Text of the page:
Again, this doesn’t mean you negate one on one, but you must see the fallacy of that being the way to make a fully formed disciple of Jesus.  Even Jesus rarely met with the disciples one on one…what makes us think we should spend most of our disciple time doing that?  Unless one thinks they are greater than Jesus.

Question: How often should Life Group or Missional Community Leaders meet for training? What curriculum do you use?

How often? Not sure.  This will be different for every community.  We need to be careful from trying to set this up for all people for all time.  Some questions to ask to determine for one’s community would definitely be these:

  1. Where do we see our people needing to be trained in?
  2. How long do our people need to live out the training before we start a new topic to train them in?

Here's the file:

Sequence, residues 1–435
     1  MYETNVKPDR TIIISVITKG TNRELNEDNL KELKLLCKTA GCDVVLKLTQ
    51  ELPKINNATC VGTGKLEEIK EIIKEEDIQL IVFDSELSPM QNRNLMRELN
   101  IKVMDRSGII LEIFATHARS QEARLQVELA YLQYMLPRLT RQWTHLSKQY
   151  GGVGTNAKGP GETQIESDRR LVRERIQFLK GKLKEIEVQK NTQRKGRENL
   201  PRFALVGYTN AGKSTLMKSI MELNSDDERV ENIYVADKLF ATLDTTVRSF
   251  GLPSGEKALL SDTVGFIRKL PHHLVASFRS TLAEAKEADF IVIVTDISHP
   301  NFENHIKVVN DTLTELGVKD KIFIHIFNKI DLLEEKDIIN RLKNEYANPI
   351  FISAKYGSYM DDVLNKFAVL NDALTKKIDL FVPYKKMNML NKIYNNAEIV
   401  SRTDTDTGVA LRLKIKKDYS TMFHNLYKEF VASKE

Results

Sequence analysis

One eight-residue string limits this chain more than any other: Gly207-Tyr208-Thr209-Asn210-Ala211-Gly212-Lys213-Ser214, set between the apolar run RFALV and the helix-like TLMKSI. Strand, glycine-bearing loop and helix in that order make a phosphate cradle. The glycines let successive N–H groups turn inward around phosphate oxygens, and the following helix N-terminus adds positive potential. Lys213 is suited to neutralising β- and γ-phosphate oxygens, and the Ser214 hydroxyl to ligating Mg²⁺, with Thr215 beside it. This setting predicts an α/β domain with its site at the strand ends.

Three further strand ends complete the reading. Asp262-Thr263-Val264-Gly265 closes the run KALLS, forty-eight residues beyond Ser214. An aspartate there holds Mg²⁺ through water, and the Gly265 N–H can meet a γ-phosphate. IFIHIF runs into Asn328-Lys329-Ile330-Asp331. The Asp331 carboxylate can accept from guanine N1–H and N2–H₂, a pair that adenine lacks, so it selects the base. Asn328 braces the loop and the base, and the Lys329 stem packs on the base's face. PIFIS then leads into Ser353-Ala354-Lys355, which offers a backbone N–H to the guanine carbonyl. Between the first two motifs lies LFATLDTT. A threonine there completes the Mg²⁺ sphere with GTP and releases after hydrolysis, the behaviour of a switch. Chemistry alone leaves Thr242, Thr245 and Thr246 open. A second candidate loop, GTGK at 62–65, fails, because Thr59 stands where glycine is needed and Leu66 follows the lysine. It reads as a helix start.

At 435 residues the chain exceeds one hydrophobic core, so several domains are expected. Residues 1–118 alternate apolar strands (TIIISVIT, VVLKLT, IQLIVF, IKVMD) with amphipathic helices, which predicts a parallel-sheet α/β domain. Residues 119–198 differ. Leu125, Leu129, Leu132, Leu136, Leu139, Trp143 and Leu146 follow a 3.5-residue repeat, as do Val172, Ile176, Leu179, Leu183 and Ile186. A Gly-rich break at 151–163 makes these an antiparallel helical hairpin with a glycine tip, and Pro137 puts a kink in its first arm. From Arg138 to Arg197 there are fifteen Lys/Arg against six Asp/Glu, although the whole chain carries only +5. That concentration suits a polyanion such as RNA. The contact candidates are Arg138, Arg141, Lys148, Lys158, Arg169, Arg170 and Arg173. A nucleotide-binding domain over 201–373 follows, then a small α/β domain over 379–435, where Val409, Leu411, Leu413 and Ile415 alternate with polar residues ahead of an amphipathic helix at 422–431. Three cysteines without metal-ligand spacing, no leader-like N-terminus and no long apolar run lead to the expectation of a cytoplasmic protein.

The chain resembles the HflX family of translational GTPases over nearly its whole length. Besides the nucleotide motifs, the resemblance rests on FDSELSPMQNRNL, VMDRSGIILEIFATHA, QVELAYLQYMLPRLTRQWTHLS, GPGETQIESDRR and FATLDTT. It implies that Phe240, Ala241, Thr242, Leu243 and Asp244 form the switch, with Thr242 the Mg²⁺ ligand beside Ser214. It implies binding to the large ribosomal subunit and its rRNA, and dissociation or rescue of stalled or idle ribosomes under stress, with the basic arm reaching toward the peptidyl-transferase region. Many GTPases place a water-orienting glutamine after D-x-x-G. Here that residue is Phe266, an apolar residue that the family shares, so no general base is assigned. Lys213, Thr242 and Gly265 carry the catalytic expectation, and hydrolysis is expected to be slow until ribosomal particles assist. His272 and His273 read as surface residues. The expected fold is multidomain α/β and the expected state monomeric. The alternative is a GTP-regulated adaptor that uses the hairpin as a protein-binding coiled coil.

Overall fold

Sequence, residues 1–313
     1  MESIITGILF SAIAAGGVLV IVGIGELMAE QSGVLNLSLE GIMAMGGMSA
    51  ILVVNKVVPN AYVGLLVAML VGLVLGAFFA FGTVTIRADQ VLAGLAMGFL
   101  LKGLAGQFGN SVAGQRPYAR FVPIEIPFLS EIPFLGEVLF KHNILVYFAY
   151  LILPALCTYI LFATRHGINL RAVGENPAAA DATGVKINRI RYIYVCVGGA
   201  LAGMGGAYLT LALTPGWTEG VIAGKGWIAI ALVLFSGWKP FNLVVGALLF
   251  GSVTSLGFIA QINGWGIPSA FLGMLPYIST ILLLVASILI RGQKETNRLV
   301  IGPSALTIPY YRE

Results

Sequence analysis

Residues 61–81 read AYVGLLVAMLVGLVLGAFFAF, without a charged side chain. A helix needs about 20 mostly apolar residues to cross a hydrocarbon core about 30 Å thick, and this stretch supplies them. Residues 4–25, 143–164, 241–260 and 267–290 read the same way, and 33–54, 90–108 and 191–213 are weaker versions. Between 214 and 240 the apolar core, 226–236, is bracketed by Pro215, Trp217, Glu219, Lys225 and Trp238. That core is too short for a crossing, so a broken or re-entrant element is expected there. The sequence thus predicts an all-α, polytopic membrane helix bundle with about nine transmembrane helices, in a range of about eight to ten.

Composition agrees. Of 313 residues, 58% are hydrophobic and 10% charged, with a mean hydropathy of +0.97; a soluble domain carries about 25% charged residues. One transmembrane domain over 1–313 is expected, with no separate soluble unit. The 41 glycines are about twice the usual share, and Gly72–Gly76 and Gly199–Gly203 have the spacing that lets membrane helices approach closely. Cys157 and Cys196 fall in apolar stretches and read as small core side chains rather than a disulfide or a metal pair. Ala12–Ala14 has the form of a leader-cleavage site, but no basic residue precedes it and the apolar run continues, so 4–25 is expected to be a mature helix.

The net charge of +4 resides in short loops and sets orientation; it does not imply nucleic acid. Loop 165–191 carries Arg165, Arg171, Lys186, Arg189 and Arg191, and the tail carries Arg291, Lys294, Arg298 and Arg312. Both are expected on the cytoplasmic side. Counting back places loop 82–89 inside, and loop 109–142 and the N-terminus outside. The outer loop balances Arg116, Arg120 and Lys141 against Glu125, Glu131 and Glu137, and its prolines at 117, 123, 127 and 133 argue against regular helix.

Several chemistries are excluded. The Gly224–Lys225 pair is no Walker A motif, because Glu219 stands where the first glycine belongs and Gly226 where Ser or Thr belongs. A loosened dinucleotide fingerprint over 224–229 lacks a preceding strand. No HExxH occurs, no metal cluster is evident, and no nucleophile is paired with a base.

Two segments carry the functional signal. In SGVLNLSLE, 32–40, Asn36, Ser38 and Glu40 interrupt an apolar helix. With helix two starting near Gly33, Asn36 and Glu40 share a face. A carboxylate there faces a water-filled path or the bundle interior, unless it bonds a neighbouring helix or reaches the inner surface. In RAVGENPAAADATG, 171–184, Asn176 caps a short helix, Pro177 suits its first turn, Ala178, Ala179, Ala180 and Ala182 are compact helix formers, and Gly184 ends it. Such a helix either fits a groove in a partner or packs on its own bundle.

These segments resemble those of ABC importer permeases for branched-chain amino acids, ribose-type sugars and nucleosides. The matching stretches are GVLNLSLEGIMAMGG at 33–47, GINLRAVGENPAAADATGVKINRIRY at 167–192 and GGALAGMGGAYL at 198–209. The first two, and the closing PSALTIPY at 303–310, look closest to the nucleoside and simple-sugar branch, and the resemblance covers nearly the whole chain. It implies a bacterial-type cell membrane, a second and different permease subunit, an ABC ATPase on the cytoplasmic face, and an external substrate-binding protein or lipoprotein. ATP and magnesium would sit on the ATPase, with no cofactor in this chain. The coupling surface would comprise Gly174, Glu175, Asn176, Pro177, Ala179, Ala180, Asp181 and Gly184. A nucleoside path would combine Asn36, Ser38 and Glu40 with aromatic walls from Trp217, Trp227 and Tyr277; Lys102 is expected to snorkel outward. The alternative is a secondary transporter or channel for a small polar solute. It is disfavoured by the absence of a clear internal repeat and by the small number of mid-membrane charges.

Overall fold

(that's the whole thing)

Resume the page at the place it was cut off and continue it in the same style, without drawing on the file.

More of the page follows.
3. Can we gather for training that will not interrupt their normal discipleship lives in an unhealthy way?  If yes, the question then comes, how often should this be to make sure it is not a burden?
  4. Can we use our other gathering times for training? MC meetings, Sunday gatherings, etc.

We use many of the resources found on the GCM Collective.  I am about to embark on this with my MC as I am moving and expecting three MCs being born as I leave.   I will be going through these first: Empowered by the Spirit; Gospel Fluency; How to Create an Environment for Discipleship; The Power and Purpose of the Gospel.

Question: What should we do if there is a lack of Life Group or Missional Community apprentices? Steps to take?